— 24. The Lost World or the Tepuys of Venezuela and Insects there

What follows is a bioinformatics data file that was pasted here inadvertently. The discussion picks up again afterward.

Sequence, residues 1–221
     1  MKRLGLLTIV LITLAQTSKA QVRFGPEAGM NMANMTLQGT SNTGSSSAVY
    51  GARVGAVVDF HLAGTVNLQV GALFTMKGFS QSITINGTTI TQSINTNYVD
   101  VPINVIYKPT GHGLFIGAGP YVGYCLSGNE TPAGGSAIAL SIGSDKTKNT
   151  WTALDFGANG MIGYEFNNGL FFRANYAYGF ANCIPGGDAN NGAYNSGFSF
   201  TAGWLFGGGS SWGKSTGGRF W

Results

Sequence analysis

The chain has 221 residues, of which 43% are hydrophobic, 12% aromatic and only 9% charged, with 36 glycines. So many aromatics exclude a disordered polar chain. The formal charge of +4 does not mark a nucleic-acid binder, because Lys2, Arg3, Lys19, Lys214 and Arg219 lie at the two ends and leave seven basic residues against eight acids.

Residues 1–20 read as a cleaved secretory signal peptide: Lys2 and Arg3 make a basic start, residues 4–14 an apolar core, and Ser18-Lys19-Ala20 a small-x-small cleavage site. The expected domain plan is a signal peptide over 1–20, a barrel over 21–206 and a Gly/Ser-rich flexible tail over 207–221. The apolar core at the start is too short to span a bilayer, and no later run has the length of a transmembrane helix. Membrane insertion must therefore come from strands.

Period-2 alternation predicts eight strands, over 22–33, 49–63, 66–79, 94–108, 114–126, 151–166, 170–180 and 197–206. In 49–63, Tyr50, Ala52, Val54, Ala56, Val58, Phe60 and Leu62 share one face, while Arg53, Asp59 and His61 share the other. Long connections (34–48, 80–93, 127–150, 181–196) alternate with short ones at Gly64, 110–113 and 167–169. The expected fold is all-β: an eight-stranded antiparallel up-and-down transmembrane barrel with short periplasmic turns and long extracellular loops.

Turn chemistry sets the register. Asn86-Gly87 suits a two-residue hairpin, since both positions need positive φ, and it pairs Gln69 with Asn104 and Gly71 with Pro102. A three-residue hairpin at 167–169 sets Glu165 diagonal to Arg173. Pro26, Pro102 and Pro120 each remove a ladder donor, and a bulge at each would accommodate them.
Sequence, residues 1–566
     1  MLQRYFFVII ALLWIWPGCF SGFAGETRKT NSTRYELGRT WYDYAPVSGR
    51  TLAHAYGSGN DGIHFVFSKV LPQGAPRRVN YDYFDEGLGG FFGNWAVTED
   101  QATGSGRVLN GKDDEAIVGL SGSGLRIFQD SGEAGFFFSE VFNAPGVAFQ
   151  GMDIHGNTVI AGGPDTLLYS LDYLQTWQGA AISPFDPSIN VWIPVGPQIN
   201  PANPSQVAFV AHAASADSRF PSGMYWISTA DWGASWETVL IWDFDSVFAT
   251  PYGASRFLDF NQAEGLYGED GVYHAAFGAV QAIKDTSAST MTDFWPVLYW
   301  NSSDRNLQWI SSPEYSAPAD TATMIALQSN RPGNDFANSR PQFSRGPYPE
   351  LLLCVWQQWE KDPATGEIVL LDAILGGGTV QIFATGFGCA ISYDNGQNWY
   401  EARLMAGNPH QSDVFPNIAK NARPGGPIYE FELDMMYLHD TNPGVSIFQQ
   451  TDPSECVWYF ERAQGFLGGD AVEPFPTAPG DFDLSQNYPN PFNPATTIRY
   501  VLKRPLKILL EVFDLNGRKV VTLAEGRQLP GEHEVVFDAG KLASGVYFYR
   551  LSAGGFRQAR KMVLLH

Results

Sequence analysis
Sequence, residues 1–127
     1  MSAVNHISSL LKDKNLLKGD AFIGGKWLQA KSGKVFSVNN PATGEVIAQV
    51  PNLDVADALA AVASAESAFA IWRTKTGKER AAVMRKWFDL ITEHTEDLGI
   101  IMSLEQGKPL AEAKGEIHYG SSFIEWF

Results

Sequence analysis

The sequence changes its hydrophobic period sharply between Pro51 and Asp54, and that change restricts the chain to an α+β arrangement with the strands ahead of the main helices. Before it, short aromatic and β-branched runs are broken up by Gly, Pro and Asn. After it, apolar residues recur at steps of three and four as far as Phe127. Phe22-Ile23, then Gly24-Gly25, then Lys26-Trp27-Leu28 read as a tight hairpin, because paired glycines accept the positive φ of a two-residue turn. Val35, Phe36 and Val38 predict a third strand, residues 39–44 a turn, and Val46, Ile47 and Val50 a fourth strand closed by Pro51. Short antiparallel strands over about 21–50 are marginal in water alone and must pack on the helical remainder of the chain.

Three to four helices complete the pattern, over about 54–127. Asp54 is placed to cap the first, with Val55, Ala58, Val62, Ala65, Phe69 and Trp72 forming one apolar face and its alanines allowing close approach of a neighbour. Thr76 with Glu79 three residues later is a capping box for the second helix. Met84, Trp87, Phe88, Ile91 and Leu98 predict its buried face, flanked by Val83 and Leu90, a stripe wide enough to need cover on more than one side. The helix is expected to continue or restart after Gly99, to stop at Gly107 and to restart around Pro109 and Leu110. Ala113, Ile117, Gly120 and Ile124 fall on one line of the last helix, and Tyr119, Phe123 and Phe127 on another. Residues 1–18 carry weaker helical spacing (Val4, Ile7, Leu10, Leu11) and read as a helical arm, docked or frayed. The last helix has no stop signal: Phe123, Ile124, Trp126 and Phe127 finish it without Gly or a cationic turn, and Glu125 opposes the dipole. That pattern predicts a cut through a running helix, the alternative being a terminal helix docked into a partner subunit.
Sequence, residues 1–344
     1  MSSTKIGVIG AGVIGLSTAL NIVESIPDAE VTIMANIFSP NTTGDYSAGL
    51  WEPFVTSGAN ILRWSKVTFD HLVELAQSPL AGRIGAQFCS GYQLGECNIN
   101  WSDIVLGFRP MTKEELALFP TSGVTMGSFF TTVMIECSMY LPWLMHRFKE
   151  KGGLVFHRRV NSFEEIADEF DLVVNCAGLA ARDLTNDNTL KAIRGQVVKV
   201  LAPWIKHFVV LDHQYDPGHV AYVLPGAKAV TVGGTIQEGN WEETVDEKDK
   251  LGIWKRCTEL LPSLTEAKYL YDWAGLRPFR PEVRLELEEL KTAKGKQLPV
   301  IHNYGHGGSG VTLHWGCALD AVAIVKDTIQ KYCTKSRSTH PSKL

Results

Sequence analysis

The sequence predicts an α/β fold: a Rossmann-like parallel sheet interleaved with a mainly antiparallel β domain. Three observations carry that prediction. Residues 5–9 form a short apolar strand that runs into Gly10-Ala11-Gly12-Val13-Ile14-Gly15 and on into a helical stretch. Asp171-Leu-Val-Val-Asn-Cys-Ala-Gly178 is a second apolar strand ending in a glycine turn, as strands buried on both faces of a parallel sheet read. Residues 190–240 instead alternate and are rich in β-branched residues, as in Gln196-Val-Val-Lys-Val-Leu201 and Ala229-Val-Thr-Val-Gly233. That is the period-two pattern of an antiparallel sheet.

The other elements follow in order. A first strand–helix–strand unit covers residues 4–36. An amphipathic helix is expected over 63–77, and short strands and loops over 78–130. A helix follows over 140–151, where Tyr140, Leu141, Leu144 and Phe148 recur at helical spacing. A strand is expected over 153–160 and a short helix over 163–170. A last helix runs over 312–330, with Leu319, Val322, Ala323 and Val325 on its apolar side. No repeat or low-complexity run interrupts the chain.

It is after the exploration of Im Thurn in 1884 (one year after the explosion of Krakatau in Indonesia and the famous tsunami over Indonesian islands) that Sir Arthur Conan Doyle wrote that fascinating science-fiction novel “The Lost World”. In that the famous professor Challenger, surrounded by colleagues and journalists, discovered the dinosaurs, the pterodactyles, and the ape-men, without forgetting the saber-tooth tigers, and the plesiosaurs. During their expedition, the explorers even dined on a roasted iguanodon. The forgotten plateaus were populated by the fertile imagination of the author with what we used to call “prehistory” beings, or more exactly Mesozoic animals with, however, several compromises with the truth; we mean here the facts of Palaeontology. At the end of Conan Doyle’s book, one pterodactyle was brought back to London with a lot of difficulty, fed during the trip with rotten fishes. It escaped during a conference at the Royal Society from its basket, and flew away to the sky under the eyes of the scientists dumbfounded. Several films and TV shows reproduced the adventures of Professor Challenger in the Lost World. Conan Doyle very probably was basing his novel on the Mount Roraima, in the SE of Venezuela, but some people consider his story as on Serra Ricardo Franco, in Brazil, near the Bolivian border. It is evident that those very old environs from the Palaeozoic remained unchanged during the Mesozoic. That it seems encouraged the fertile imagination of some writers and even of some scientists. What was there over those mountains, isolated,